We just alluded to how maintaining friendships with coworkers and clients might be important to you. For many people, spending more time with friends and family in retirement is the top priority when transitioning into retirement. That’s social wealth. Some of that social wealth might require financial wealth, and both require planning as you transition into retirement.

That social wealth is something we all want to last forever, so staying healthy as long as possible is critical as well. Hopefully, the health wealth will mainly be focused on exercising and eating healthy to live longer (and accrue more time wealth). But it can also involve paying for visits to the doctor, medications, hospital stays, etc. You can probably start to see how those four types of wealth are connected.

These “life pillars” are something we also reference in our Retirement Plan Checklist, as we wanted to make it clear that transitioning into retirement involves financial and nonfinancial life planning. This white paper consists of 30 yes-or-no questions that assesses your retirement readiness and includes age-and date-based timelines that include several retirement planning considerations. You can download your copy below.

Transition retirement

Retirement Plan Checklist

We’re Ready to Help You Transition into Retirement

One of the biggest issues that people have with the transition to retirement is knowing where to start. Well, that’s where our team of professionals comes in. Rather than immediately talk to you about what to invest in, we want to learn about you. We can’t tell you what you should invest in without knowing what your goals and risk tolerance are.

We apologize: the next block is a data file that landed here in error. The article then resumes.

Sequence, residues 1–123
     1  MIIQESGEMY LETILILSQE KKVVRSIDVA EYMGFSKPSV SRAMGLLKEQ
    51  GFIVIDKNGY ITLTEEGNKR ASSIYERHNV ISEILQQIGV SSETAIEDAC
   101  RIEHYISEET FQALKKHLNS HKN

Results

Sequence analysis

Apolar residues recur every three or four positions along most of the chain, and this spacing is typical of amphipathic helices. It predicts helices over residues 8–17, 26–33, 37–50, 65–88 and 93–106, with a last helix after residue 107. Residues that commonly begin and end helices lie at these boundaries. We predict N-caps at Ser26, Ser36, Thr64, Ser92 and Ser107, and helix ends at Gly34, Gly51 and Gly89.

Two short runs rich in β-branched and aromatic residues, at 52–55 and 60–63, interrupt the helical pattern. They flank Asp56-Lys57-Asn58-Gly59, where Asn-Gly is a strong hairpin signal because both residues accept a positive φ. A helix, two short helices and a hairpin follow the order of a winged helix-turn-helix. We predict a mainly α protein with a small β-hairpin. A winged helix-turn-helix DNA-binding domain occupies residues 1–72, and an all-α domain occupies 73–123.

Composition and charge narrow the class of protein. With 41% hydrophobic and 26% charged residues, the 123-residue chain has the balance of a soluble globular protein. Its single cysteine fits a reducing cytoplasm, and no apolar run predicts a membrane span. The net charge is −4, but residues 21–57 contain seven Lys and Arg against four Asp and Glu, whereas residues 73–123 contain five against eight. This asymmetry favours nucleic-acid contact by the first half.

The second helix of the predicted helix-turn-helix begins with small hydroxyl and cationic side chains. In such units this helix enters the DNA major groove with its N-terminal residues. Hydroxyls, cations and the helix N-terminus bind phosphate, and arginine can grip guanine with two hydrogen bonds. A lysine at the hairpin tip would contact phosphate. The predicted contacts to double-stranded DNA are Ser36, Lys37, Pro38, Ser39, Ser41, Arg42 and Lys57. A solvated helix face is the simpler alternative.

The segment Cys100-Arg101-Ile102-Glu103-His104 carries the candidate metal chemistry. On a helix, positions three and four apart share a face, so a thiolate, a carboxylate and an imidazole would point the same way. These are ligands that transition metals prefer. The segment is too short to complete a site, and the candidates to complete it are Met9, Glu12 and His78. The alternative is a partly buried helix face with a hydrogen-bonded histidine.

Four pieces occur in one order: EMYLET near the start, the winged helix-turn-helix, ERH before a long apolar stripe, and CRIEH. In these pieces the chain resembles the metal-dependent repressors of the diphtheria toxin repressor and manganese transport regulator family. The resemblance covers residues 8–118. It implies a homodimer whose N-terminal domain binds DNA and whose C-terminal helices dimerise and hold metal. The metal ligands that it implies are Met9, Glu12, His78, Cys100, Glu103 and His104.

It’s our goal to build you a financial plan that gives you more confidence that you’re doing the right things with your money, freedom from financial stress, and time to spend doing the things you love. To begin figuring out what that plan should look like for you, start a conversation with our team below.

Schedule a Meeting

We hope this article has prompted you to start thinking more about the transition to retirement. Remember that this is YOUR retirement; not your friend, coworker, or neighbor’s retirement that you’re about to transition to. We look forward to helping you build your goals-based financial plan with you when you’re ready to begin the transition to retirement.

Transition into Retirement by Following These 5 Steps: Watch Guide

00:00 – Introduction
– Identity
– Vision
– Goals
– Work
– Life Pillars
– What We Learned Today


Past Shows


Other Sources


Investment advisory services offered through Modern Wealth Management, LLC, an SEC Registered Investment Adviser.

The views expressed represent the opinion of Modern Wealth Management an SEC Registered Investment Adviser. Information provided is for illustrative purposes only and does not constitute investment, tax, or legal advice. Modern Wealth Management does not accept any liability for the use of the information discussed. Consult with a qualified financial, legal, or tax professional prior to taking any action.